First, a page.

At some point in the 42 years since I wrote the song “Hermit,” I forgot all about it.  But this past week, the song for some reason resurfaced in my consciousness.  This time, it had been so long, I didn’t even remember some of the music.   But as the week progressed, I remembered more and more of it; and I practiced it several times on the piano.

As for the lyrics?  Here are the ones I remember:

Shifting back and forth
Between one reckless thought and the next,
Trapped inside a rented room
Behind a world that’s too complex.

And later:

Your life is just a rented room!

Still later:

We all need our time to think –
But how much?  That’s all I ask!
You could spend a lifetime claiming you’re close to the cure,
But when life itself is such a task,
You’re never sure . . .
Never sure . .  .

Interesting.  I was 23 at the time.  I wonder why the song came back to me this week?  I hadn’t thought about it in years.  Here’s what it sounds like.

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The H-Word

This post is an expansion on the fourth “buzzword” cited in my previous post, The Homeless Buzzwords.  I wrote it on request from Alastair Boone, the new editor of Street Spirit, whose fine editing is already evident in this piece.

Once, before I had gained more savvy in the realm of outdoor living, I asked a man if he were “homeless.” He replied: “Homeless is just a word.”

His answer still sticks with me. Homeless is just a word, one that is over-used to describe the experience of somebody who, for one reason or another, does not have a place to call their own. It fails to capture any of the individual characteristics that make the homeless person, well, a person.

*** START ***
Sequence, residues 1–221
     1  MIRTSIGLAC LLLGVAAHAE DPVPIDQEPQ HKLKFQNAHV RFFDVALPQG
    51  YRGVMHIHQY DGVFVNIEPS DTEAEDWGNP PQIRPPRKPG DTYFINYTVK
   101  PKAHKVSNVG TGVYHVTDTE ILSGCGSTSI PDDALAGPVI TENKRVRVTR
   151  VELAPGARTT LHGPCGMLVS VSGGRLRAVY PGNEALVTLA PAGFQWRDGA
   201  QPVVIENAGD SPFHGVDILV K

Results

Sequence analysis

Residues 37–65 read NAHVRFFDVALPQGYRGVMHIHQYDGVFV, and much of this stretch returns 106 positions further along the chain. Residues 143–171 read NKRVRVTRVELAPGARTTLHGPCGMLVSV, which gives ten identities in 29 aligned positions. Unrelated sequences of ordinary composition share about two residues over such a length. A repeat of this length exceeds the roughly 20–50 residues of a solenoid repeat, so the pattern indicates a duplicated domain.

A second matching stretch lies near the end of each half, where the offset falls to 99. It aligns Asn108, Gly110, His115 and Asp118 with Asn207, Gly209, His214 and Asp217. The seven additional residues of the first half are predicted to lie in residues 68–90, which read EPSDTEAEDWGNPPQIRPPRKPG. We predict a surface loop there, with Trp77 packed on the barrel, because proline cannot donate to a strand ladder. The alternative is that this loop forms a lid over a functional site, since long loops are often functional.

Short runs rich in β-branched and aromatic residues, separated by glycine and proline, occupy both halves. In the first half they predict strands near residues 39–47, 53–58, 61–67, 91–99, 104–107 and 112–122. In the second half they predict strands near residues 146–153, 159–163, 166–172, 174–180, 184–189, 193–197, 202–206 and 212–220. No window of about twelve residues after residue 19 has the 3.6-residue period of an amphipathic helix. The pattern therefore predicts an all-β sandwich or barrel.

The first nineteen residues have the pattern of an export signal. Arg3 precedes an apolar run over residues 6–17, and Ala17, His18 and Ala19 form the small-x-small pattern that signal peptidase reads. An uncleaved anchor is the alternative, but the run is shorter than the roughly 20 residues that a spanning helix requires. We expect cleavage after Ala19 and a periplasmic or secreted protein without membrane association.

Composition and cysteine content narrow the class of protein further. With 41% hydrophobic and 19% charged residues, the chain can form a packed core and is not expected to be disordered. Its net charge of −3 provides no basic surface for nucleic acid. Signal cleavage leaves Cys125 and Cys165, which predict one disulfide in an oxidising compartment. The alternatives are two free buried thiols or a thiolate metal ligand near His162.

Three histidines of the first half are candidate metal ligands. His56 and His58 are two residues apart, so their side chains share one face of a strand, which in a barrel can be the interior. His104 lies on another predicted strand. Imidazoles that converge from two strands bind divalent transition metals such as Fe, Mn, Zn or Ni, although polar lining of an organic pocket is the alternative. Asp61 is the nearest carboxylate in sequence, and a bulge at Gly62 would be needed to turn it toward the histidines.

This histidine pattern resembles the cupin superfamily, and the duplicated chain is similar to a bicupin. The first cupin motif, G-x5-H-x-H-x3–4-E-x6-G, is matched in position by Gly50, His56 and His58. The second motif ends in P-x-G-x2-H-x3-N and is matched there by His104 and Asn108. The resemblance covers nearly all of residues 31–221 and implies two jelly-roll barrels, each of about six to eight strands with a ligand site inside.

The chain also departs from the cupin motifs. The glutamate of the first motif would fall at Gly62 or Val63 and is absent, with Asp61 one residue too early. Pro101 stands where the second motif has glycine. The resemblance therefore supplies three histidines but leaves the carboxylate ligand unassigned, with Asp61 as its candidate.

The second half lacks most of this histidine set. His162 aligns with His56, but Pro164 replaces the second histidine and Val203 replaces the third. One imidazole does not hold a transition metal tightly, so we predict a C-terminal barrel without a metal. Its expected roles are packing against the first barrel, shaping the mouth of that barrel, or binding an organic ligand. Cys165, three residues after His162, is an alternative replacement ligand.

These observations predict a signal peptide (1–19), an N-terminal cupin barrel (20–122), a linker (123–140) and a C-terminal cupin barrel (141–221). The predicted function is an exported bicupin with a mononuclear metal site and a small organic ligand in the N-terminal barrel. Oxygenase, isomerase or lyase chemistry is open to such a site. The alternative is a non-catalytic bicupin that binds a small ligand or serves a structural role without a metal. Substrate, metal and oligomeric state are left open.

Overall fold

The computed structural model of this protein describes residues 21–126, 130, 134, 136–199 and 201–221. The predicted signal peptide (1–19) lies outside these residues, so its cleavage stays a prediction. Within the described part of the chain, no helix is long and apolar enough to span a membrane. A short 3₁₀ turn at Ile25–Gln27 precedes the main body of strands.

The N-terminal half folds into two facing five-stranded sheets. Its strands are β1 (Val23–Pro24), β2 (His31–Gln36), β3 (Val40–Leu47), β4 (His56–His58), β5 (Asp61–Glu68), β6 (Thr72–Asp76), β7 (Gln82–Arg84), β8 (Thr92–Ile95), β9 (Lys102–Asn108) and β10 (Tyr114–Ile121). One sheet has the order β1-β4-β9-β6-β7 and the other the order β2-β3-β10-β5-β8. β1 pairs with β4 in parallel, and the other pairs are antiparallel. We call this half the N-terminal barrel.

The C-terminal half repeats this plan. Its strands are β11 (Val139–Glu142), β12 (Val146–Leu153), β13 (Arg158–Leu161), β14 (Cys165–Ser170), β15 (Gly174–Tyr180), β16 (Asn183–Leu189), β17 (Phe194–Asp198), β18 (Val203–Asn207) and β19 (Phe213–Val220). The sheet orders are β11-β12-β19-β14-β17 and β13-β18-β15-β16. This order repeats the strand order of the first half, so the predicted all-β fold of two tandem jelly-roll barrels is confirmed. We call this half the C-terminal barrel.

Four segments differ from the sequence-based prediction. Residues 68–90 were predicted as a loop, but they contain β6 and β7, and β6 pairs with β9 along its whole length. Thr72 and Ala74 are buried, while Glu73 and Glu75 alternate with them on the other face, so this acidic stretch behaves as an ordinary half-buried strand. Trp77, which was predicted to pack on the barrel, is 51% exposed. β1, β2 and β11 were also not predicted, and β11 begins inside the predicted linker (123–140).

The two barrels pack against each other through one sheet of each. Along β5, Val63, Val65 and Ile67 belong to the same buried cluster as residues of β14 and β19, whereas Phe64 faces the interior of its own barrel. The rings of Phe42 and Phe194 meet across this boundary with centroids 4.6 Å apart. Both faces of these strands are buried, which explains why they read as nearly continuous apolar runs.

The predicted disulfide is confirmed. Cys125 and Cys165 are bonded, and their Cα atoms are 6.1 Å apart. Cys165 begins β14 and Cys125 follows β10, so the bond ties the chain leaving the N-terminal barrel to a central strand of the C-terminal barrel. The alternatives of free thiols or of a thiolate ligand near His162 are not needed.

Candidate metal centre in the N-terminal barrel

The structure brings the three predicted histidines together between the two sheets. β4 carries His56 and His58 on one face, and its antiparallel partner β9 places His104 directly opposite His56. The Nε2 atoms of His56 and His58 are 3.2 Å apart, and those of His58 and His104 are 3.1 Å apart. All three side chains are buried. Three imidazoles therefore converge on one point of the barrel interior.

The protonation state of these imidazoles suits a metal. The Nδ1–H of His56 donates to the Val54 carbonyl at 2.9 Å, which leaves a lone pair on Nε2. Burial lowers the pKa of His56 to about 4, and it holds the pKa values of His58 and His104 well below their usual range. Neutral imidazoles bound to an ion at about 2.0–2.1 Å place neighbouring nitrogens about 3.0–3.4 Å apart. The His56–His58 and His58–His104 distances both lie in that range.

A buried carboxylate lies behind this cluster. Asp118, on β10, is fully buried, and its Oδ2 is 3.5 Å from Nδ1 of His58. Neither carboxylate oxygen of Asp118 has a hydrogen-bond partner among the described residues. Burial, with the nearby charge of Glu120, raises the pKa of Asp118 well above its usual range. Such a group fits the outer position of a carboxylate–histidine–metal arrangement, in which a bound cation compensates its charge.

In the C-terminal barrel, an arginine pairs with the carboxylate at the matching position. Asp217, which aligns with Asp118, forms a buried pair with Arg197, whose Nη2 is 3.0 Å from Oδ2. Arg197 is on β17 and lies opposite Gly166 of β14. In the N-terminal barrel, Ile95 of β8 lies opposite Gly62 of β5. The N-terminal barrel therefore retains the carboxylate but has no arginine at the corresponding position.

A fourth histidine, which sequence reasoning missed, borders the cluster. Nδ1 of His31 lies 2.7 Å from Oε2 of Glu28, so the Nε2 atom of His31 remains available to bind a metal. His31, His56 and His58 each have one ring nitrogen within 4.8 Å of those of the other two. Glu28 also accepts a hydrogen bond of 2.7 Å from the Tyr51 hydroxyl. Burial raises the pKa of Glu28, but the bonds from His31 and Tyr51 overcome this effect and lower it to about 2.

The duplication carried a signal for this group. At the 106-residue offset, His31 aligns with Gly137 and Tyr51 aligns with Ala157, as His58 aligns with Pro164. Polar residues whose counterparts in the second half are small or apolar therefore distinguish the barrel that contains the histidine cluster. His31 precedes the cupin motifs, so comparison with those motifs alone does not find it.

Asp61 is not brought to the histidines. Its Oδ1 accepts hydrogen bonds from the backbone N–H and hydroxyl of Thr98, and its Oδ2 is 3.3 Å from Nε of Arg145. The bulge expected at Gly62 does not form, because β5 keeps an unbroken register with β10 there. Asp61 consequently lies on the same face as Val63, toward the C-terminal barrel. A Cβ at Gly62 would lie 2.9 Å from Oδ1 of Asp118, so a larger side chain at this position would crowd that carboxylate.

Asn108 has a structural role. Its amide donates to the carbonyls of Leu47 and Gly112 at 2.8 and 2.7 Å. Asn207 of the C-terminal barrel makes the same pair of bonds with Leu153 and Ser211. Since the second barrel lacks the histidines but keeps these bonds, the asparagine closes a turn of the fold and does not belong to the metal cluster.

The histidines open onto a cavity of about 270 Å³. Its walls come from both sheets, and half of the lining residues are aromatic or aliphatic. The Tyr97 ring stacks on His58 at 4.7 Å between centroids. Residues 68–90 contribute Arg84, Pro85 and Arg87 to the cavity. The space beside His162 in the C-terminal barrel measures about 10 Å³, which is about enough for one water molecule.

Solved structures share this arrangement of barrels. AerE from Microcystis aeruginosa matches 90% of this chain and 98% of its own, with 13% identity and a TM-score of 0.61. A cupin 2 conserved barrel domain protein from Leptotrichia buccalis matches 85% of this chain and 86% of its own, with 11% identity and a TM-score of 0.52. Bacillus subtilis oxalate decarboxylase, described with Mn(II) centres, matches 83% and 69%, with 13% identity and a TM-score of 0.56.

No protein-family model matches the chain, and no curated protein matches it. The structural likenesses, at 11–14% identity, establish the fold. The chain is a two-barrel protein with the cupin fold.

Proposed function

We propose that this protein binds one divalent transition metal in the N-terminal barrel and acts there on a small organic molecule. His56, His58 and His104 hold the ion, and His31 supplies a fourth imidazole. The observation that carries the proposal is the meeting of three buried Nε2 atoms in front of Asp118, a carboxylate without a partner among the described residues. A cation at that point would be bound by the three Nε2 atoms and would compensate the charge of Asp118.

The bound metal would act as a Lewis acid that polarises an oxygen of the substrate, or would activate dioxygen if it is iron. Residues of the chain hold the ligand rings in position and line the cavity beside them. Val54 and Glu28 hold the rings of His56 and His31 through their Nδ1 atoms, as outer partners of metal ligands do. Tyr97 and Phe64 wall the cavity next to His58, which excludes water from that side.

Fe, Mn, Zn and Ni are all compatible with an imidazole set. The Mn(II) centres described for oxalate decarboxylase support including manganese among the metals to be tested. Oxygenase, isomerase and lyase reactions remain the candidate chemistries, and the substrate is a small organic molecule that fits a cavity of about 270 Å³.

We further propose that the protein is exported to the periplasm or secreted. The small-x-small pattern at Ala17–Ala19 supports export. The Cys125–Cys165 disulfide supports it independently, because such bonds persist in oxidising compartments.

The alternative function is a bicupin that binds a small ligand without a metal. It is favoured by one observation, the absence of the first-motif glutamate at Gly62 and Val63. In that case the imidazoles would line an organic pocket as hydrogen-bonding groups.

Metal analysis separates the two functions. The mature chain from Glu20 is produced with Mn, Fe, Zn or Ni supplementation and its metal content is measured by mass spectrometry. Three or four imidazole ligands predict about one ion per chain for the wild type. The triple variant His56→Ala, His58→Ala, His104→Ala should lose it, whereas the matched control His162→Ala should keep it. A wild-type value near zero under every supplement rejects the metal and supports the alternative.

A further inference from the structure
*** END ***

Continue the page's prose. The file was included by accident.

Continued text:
homeless stigmaIn the twelve years when I lived outside, this word had a way of making me feel that I was in some way distinctly set apart from the rest of the human race. At times, the word suggested that possibly I was not even fully human. I quickly learned that in this over-generalization, the “H-Word” carries with it so much stigma that its usage actually had the power to actively work against me in a number of different ways.

I often found that avoiding the label of “homeless” was the only way to reach my personal goals. For it would be from that label that all the other distracting labels would spring. Drug addict. Nut case. Lazy Bum. Loser. If instead I somehow managed to be seen only as a fellow human being, and not as a “homeless” person, then my chances of achieving my goals were greatly enhanced.

Not the least of these goals was to find dignified dwelling. Not just any old place to live, but a place that I could truly call my own, where I could attend to all the things that make me the human being who I am—not just the homeless guy, but the human guy—the unique individual who goes by my name. Too often I had seen landlords reject a prospective tenant after learning that they had been homeless at some earlier point in time.

Even recently, a 65-year old man came to the Recovery Center where I work, and was extremely open about his having become homeless at the first time in his life. He had received assistance from St. Vincent DePaul and another charitable organization in the area, and was referred to me to help him find a room at a local residence hotel, where I was on good terms with the manager.

However, by the time I contacted the manager on his behalf, the manager had already heard about the man through the grapevine, this being a very small community, and the man in question a very outspoken fellow. The landlord explained to me simply: